Photo: Kevin Kay. Source: Wikipedia
The Native Americans had “potlatch.” Pacific Islanders had “Aropa.” Techies today have open-source software. And most people exchange gifts around the holidays. But is gift-giving rational?
A lot of economists say no. They look at the all the fruit cakes sent-but-never-eaten or the ugly ties or sweaters politely acknowledged and then discarded. Theses economists see nothing but a waste of money. One study estimates that as much as a third of the money spent on Christmas presents is useless. They recommend that people give money for Christmas, or give nothing.
But these Scrooges miss how important gift-giving is to our social fabric. Your kids may groan when they open the sweater from Aunt Polly, but you understand the time, energy, and love she put in to knitting it. That kind of present is a gift to the whole family. It strengthens your relationship. And the best gifts satisfy a need before the recipient even realizes that they had it.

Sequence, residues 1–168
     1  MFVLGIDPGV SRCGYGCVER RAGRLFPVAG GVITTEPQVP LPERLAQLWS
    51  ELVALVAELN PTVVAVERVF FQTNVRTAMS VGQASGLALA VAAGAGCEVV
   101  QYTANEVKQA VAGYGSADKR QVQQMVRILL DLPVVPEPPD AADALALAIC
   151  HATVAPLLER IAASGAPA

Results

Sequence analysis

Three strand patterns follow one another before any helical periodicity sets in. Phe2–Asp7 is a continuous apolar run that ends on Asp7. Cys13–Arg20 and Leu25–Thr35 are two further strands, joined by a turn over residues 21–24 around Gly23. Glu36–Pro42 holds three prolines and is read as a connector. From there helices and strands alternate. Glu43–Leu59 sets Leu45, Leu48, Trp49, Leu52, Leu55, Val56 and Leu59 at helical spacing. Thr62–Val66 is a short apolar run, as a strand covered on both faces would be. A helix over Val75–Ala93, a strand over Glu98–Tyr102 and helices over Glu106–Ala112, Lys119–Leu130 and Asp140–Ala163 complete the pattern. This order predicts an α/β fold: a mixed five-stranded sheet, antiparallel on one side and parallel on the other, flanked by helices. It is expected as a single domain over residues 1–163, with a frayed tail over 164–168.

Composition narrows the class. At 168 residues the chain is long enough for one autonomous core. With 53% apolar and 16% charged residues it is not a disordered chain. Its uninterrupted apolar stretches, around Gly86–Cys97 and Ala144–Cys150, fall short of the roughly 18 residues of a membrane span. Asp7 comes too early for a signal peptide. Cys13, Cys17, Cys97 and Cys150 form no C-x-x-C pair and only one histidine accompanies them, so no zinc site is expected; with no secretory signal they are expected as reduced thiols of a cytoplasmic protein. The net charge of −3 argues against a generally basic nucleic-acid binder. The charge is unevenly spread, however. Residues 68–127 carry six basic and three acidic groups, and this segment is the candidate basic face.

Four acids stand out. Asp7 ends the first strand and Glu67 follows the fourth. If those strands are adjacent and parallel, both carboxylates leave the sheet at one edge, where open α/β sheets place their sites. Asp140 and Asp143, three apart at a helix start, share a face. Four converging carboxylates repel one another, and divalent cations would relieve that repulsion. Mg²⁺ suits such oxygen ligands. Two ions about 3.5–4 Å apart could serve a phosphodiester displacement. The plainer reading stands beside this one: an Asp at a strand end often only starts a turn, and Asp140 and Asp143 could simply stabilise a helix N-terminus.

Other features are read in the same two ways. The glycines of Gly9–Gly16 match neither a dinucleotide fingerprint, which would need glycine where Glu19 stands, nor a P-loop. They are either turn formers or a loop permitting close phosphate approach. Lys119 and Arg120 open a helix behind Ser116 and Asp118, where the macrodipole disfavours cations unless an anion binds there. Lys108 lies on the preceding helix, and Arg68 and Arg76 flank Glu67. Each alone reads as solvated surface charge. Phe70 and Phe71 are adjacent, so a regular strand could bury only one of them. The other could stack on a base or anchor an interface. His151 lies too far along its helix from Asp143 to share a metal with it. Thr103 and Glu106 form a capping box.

Such presents require a significant investment of time and energy – thinking like the intended recipient, getting into their head, then acting on any insight you have. Some folks are gifted gift-givers, their presents always seem to be spot-on. We’re all prisoners of our own perspectives; we have a hard time seeing the world like someone else. But when we make the effort, we strengthen our friendships and social bonds. And the more we bond with others, the better off we all are. Strong and resilient social connections help everyone – physically, emotionally, and spiritually. It may not be rational, but it’s real.
And as Linus told Charlie Brown at their pageant, isn’t that the real meaning of Christmas?
Douglas R. Tengdin, CFA